Patronage for February was 4,042,898 boardings, an increase of +7.3% (275,603 boardings) on February 2010. Some of this increase can be attributed to the NZ Bus lock-out and industrial action that occurred in October/ November 2010.

West Auckland bus services have begun to show improved patronage growth after a redesign of services was implemented on 19 September 2010, including route simplification, improved service frequency on key corridors and making some routes more direct, supplemented by a
boost in weekend services. This provides an analysis of bus services by geographical sector.

Ferry patronage totalled 4,662,665 passengers for the 12-months to February - an increase of 157,354 boardings or +3.5%. For the financial year-to-date, eight months to February 2011, patronage has grown by +4.4% (134,463 boardings).
Patronage for February was 474,891 boardings, an increase of +12.6% (53,312 boardings) on February 2010.




  1. Matt L says:

    Perhaps its time for a new Tui billboard, No one trains so lets close them down - yeah right.

  2. anthony says:


    Steven Joyce is doing a good job on Improving quality of life in Auckland - Yeah Right.

  3. Jon Reeves in Switzerland says:

    Joyce wants a better Auckland = Yeah Right

  4. Cam says:

    Nice letter. Good old Joycey when confonted with facts that contradict what he believes he just chooses to pretend they are not there and press on regardless.

    BTW Jon, surely you jest about Joyce sneaking onto the blog. I mean I would think he would not bother himself with what smelly, bludging bus users like oursleves thought afterall if you don’t own a trucking company what you have to say on transport is worthless.

  5. Sam says:

    Another thing Steven Joyce seems to overlook is that the Puhoi to Wellsford road might carry 24000 per day, but it also has just 24000 users per day. Making it a motoway wouldnt really affect those who use the alternative route, SH16, as it isn’t congested on a normal day, and many arent travelling that far north.

    The rail network carries 30000, or more likely 40000+ per weekday on the other hand,. It does however have probably over 100000 users- those who drive or catch a bus USE the rail network as a place to put other people so that they can travel much faster into the CBD (40000 people = about 36000 cars by aucklands average, which, lined up, is about 180 km of cars I imagine…. a pretty significant number!).

    I don’t see this as a far fetched analysis- does anyone else?

    IIf you look at the graph on page 9 of Auckland City Councils 2009 ‘Transport into the future’ Document, its pretty visible that Public transport has catered for ALL of the CBDs growth over the last decade… and then some. The number of people entering the CBD in peak times has increased signigicantly, but the nuumber of cars has actually decreased slightly. Now that theyre talking about Britomart being at capacity, and the Fanshawe street bus lane/ central connector not being far behind…. how does the economic hub of the country move forward. It will be suffocated.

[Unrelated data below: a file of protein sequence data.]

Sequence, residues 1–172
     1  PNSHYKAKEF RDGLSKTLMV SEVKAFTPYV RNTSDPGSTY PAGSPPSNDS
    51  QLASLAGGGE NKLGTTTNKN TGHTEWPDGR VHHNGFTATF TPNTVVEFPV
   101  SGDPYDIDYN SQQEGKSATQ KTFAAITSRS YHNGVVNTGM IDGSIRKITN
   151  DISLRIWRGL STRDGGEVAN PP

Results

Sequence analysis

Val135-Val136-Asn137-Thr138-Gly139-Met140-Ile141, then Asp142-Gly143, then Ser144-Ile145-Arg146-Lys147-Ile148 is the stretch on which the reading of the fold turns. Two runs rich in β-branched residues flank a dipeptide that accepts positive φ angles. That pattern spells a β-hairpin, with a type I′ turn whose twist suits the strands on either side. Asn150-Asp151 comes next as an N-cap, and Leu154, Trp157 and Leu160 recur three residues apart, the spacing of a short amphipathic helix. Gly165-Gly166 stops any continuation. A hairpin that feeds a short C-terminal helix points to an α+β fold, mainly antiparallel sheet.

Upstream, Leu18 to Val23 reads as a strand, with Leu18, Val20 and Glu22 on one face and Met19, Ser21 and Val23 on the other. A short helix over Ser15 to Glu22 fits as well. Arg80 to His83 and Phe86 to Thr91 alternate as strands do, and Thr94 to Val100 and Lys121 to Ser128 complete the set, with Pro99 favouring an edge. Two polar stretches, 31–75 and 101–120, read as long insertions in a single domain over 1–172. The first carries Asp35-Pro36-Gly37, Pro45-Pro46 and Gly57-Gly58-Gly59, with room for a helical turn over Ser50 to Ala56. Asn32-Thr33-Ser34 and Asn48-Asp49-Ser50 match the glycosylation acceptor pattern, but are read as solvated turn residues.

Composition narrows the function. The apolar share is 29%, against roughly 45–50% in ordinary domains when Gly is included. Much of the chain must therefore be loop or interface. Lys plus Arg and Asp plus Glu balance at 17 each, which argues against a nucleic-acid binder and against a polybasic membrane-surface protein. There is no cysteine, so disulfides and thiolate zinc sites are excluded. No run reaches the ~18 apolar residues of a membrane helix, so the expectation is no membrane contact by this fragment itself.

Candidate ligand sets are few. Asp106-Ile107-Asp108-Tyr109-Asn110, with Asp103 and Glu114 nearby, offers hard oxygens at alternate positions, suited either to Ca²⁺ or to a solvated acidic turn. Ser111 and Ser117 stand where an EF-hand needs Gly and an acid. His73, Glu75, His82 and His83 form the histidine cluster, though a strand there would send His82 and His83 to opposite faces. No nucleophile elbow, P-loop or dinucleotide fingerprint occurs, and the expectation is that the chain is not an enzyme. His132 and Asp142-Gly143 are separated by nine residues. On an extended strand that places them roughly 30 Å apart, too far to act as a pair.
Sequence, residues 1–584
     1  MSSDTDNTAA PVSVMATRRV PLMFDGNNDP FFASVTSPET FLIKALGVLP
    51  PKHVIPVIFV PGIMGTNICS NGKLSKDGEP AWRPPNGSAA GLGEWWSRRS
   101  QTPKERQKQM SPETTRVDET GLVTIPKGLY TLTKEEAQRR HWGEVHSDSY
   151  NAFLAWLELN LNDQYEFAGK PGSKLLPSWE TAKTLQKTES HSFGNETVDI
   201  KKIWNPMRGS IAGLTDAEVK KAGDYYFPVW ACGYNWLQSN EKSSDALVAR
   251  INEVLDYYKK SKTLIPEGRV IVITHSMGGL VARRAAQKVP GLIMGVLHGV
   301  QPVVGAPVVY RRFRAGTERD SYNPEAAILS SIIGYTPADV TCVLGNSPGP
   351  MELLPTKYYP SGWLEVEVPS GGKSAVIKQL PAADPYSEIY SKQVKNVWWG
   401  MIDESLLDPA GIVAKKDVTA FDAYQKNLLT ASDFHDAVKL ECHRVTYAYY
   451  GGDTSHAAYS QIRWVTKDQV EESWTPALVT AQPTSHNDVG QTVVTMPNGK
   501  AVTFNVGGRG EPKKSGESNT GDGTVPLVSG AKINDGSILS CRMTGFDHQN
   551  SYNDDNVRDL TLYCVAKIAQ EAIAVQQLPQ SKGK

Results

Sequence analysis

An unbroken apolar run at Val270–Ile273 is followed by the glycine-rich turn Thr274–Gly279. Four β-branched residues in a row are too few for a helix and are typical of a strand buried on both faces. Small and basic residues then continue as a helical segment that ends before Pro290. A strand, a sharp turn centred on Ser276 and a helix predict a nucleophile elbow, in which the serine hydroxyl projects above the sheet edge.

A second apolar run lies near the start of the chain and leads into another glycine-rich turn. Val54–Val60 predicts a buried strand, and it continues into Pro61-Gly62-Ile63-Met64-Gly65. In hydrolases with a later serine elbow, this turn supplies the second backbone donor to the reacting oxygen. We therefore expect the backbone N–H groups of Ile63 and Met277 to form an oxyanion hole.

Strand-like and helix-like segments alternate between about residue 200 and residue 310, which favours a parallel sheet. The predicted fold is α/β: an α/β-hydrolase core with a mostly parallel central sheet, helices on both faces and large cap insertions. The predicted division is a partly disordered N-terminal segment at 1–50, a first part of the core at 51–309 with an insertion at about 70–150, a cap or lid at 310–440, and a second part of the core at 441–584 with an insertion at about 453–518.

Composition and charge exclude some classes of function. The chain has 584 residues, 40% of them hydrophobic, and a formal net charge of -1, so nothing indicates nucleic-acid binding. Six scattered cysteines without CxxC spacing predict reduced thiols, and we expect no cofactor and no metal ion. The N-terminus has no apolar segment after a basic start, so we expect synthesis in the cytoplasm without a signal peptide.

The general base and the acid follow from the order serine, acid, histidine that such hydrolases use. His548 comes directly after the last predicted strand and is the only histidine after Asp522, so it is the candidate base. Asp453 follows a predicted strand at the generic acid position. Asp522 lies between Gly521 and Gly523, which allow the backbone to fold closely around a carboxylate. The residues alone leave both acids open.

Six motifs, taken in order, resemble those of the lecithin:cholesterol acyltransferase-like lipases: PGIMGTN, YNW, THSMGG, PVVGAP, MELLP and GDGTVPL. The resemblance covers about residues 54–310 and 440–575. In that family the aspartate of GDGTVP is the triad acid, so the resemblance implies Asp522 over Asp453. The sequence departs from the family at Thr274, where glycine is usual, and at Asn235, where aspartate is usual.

6. Matt says:

    Auckland could quadruple rail patronage in eight years, looking at those graphs. If we get 10m boardings this month, which is certainly possible, then we’ll be at four times the 2.5m boardings in April 2003.

    That’s an extraordinary result, especially when one considers the quality of the service is still pretty average by comparison to major centres in other countries - or even Wellington’s historic performance levels.

  7. Matt says:

    So Britomart opened in 2003 and in the 8 years since then patronage has almost quadrupled, to nearly 10 million. Was that in the forecasts when they planned Britomart? And does that make all the projections of extra use of the CBD loop business case look too conservative?

    Perth, WA’s rail ridership is approaching 60 million pa. Auckland should be aiming for 50 or 60 million trips per year too through electrification, integrated ticketing with no penalty transfers, the CBD loop, and the airport line.

    Anyone care to make predictions on ridership in 2019?

    The Nats, especially Steven Joyce and John Key are just so, so, so out of touch. My Tui billboard would be:

    The National Party aren’t all idiots - yeah right.

  8. Matt L says:

    Matt – Patronage projections change depending on the funding available for services. If AT had more money available more services would be put on throughout the day and patronage would increase as a result. With the funding they have they are naturally concentrating services where they know they will get the best return but that leaves some big gaps i.e we still only have hourly weekend services out west and still no services past Henderson on Sundays.

    I think the prediction a few years ago was 16m passengers a year by 2016 but the forecast funding has since been cut. The CBDRL business case indicates that patronage by 2021 will be 22m per year however that is the most we will get with the electrification of the current system. With the CBDRL they predict that patronage will hit 50m by 2041

  9. Roger says:

    How about - “The motorway’s not busy at this time of the day. Yeah right!”

  10. Patrick R says:

    Matt it does seem likely that we will get to 22m well before 2021… what would you guess? How soon after electrification is properly up and running, do ya reckon?

  11. Matt L says:

    Patrick its hard to say, I actually think patronage will hit a bit of a wall next year and in 2013 due to a lack of peak capacity and lack of funding for more off peak capacity. Once the EMU’s come on stream in 2014 then things should pick up a bit as most services will see a big increase in capacity and attractiveness i.e. a 4 car SA set seats about 260 people, a 6 car EMU will seat about 500 people and be faster and smoother.